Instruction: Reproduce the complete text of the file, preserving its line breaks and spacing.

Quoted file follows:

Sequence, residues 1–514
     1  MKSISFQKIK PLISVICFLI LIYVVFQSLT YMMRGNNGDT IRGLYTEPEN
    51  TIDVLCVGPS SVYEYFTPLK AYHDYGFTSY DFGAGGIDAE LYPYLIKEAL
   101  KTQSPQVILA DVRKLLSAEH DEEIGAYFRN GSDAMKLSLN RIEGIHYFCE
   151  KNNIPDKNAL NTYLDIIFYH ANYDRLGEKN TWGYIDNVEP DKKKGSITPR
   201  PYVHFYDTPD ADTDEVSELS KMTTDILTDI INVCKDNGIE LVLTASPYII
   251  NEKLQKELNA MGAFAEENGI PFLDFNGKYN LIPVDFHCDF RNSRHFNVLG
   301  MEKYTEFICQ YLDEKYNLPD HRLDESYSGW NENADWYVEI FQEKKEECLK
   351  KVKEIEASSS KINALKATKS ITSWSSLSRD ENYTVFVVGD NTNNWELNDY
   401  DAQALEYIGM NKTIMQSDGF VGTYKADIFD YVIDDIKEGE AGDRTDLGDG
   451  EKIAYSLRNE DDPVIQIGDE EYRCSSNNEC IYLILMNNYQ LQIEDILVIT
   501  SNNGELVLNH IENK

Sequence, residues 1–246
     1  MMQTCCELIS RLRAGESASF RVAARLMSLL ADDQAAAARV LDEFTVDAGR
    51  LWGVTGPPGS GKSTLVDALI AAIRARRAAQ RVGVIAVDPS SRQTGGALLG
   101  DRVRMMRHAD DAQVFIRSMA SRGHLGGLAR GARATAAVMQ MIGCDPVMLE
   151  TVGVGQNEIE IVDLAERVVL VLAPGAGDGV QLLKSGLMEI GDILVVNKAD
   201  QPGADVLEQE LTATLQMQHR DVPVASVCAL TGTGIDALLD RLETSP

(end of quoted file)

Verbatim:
Sequence, residues 1–514
     1  MKSISFQKIK PLISVICFLI LIYVVFQSLT YMMRGNNGDT IRGLYTEPEN
    51  TIDVLCVGPS SVYEYFTPLK AYHDYGFTSY DFGAGGIDAE LYPYLIKEAL
   101  KTQSPQVILA DVRKLLSAEH DEEIGAYFRN GSDAMKLSLN RIEGIHYFCE
   151  KNNIPDKNAL NTYLDIIFYH ANYDRLGEKN TWGYIDNVEP DKKKGSITPR
   201  PYVHFYDTPD ADTDEVSELS KMTTDILTDI INVCKDNGIE LVLTASPYII
   251  NEKLQKELNA MGAFAEENGI PFLDFNGKYN LIPVDFHCDF RNSRHFNVLG
   301  MEKYTEFICQ YLDEKYNLPD HRLDESYSGW NENADWYVEI FQEKKEECLK
   351  KVKEIEASSS KINALKATKS ITSWSSLSRD ENYTVFVVGD NTNNWELNDY
   401  DAQALEYIGM NKTIMQSDGF VGTYKADIFD YVIDDIKEGE AGDRTDLGDG
   451  EKIAYSLRNE DDPVIQIGDE EYRCSSNNEC IYLILMNNYQ LQIEDILVIT
   501  SNNGELVLNH IENK

Sequence, residues 1–246
     1  MMQTCCELIS RLRAGESASF RVAARLMSLL ADDQAAAARV LDEFTVDAGR
    51  LWGVTGPPGS GKSTLVDALI AAIRARRAAQ RVGVIAVDPS SRQTGGALLG
   101  DRVRMMRHAD DAQVFIRSMA SRGHLGGLAR GARATAAVMQ MIGCDPVMLE
   151  TVGVGQNEIE IVDLAERVVL VLAPGAGDGV QLLKSGLMEI GDILVVNKAD
   201  QPGADVLEQE LTATLQMQHR DVPVASVCAL TGTGIDALLD RLETSP